‘Messy Hands’ create murals for library expansion

When the construction work that is currently underway at the Vermillion City Library is eventually complete, the newly expanded building will have a roomier, modern children's section.

Tom Dahlseid, Sophie Dudley and Owen Mechling glue pieces of glass tiles into place to create mosaic art that will eventually find its way on a wall of the newly expanded Vermillion City Library. This art project was one of many activities completed by local youth who participated in the Messy Hands Art Camp held last week at the Washington Street Arts Center.

(Photo by David Lias)

It's fitting that the art that will hang on the new walls inside that children's area is designed and created by local kids.

Participants in the Messy Hands Art Camp, held last week at the Washington Streets Arts Center, created two large mosaic murals that are destined to be installed in the children's section of the library once the building project is complete.

The mosaic project, directed by Nancy Losacker with assistance from Michelle Mechling, involved the drawing of designs by the young artists and the cutting of pieces of colored glass tiles. The tiles were then glued to large pieces of plywood to transform them into works of art.

Losacker came up with the overall design of the two mosaics, which feature landscape scenes of the prairie in the Vermillion area along the Missouri River.

The children taking part in the art camp drew panels that are set inside the murals. Each panel depicts a different animal or plant that calls the countryside or river its home.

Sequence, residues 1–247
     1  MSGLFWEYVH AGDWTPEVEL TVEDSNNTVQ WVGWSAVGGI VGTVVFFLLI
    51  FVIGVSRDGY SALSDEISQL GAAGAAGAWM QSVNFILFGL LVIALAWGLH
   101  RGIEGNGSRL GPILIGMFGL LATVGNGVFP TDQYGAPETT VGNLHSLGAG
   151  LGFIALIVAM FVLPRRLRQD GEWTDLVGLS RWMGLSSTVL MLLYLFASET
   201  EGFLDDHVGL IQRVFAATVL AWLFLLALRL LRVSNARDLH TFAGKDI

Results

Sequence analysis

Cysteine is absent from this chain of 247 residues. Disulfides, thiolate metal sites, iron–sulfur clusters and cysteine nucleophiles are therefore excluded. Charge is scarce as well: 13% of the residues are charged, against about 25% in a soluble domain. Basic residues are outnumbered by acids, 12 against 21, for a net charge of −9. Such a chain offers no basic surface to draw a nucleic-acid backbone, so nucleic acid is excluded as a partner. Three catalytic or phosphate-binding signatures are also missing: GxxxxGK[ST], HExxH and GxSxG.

"I designed the piece for the children, and then they have been doing the inserts that go inside each mural," she said. "In conjunction with the painting class here, the kids all did drawings of different animals and trees."

The colored drawings that were chosen to be included in each mural were recreated using cut pieces of colored glass tiles. Each drawing comes to life, piece by piece, as a variety of colored tiles are cut into hundreds of different shapes and sizes, much like very small puzzle pieces.

All of those "puzzle" pieces are glued to the plywood and the end product is a colorful mosaic, fitting for the city library's walls.

"After we laid each drawing out in glass, we put them on the board and laid the background into it," Losacker said.

That "background" work was one of the main tasks of the youngest participants in the camp. Older kids drew and painted trees, flowers and animals that will be featured in panels located inside each mural.

One mosaic, Losacker said, is designed to represent the Missouri River with its sandbars. Farmers' large fields figure prominently in the background, reaching to a large expanse of blue sky.

Owen Mechling, Sophie Dudley, and Tom Dahlseid were busy Tuesday, June 26, gluing the cut pieces of glass tiles into place.

Once the glue holding the cut glass panels is fully dry, the mosaics will be grouted. They will be kept at the Washington Street Arts Center until the library expansion project is complete.

They will take up a significant amount of empty wall space in the larger, improved library. Each mural is 5-feet 6-inches wide, and 4-feet deep.

"This is still a work in progress," Losacker said last Tuesday. "But they should be finished soon.

The Vermillion Area Arts Council (VAAC) and individual members of Vermillion's Rotary Club have provided financial support for the project.  The VAAC encourages inquiries, and additional community sponsorship to ensure that this project is completed.

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